plus i don't use skype as an im software. the major use lies in pc-to-phone.

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Whereas none of those mentioned here are of interest, I am noticing that XMPP with Jingle now offers video chat, voice chat, conference calls, and IM! Projects that support Jingle includes Asterisk, FreeSWITCH, Pidgin, Jitzi, and a lot of others including Google Talk and Empathy (when combined with the Telepathy framework).

The one looking most interesting to me right now might be Jitzi. Of course, Pidgin is also high on my list as it can connect to mostly all other networks.

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The most important thing about these alternative apps is that they operate with each other. Ekiga can communicate with Linphone and Empathy, Empathy can communicate with Linphone and Ekiga, and every other combination of SIP based standard phone implementations.

Put that in your Skype and smoke it.


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With regards to VoIP encryption, maybe Zfone can help. It's another encryption project by Phil Zimmermann, the creator of PGP:

What is Zfone?

Zfone is a new secure VoIP phone software product which lets you make secure encrypted phone calls over the Internet. Zfone is not itself a VoIP client, but lets you make secure calls with your existing VoIP client, by filtering, encrypting and decrypting all your VoIP media packets as they pass in and out of your computer. You can use a variety of different software VoIP clients to make a VoIP call. It's as if Zfone were a "bump on the wire", sitting between the VoIP client and the Internet. Think of it as a software bump-on-the-wire, or a bump in the protocol stack.

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"by Bob Jonkman on May. 15, 2011

The most important thing about these alternative apps is that they operate with each other. Ekiga can communicate with Linphone and Empathy, Empathy can communicate with Linphone and Ekiga, and every other combination of SIP based standard phone implementations.

Put that in your Skype and smoke it."

Hey 'Bob'.... Just wanted to point out the seriously obvious here that went straight over your head. Skype is encrypted. Which is why it's not usable by all those that you mentioned, which are, in fact, open to anyone that wants to listen in!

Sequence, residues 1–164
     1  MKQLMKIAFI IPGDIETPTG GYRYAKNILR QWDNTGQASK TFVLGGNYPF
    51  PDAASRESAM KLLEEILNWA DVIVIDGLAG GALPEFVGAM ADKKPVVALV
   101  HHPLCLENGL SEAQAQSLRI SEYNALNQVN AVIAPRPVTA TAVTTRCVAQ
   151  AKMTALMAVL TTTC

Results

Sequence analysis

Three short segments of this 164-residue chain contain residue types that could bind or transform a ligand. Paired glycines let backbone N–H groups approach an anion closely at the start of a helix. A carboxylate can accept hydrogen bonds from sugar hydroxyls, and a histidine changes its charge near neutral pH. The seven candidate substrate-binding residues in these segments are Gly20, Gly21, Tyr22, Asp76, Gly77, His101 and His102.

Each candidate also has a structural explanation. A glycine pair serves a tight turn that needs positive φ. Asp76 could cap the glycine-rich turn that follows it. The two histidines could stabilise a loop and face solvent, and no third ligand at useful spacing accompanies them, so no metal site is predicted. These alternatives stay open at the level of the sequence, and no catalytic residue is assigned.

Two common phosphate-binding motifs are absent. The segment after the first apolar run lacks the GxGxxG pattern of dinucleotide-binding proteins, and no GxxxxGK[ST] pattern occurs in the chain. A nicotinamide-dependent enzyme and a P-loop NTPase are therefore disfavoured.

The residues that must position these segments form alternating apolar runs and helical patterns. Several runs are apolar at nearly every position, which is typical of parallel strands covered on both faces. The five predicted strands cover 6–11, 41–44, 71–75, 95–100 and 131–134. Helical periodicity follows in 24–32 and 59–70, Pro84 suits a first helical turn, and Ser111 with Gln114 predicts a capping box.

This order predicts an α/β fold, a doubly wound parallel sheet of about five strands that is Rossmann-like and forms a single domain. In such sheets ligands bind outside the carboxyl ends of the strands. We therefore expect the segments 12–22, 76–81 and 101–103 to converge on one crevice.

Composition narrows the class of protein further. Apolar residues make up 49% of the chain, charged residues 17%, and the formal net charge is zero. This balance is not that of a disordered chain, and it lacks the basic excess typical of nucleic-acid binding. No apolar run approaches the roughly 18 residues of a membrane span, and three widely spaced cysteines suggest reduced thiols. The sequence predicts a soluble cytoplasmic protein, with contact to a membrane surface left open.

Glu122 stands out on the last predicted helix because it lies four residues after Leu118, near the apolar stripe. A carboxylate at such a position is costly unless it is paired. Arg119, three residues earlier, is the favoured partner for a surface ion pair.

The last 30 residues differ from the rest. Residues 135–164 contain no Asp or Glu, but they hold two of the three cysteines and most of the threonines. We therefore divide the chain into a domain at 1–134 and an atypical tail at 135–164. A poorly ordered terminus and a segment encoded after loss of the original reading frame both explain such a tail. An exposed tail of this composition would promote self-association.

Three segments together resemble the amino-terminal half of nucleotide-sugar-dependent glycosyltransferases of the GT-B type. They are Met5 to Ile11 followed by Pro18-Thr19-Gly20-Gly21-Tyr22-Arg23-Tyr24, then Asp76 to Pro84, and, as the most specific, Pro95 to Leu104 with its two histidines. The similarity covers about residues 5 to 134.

So put that in YOUR pipe and smoke it.

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The alternatives are not goot enough, because 99% of our contacts will continue to use skype.

We need a voip software that is multiplatform and have a powerfull marketing strategy to actually attract users from Skype.

Sadly, I don't see that happening.

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I thought that skype open sourced their API quite a few years ago. I'm wondering if that would be useful, though MS would most likely follow with obsoleting it.

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It would first and foremost interest me if Hotmail IM + Skype are going to get integrated.

Why isn't it possible to do something cross platform with Firefox ?


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How could you miss "Jitsi" ? The best Voip+IM client! :)

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I really shouldn't be surprised by these type of religious knee-jerk reactions from the freetard community any more... *sigh*

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Which one can I use to place calls to local US and toll-free?

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What about Gtalk (with voice and video straight in your browser), cross platform and not that difficult to ask others to convert to?

(not open source thou)

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Does an installation of Ekiga come bundled with the contact details of that hot chick?

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Why nobody is mentioning GNU SIP Witch ? It is secure P2P softphone: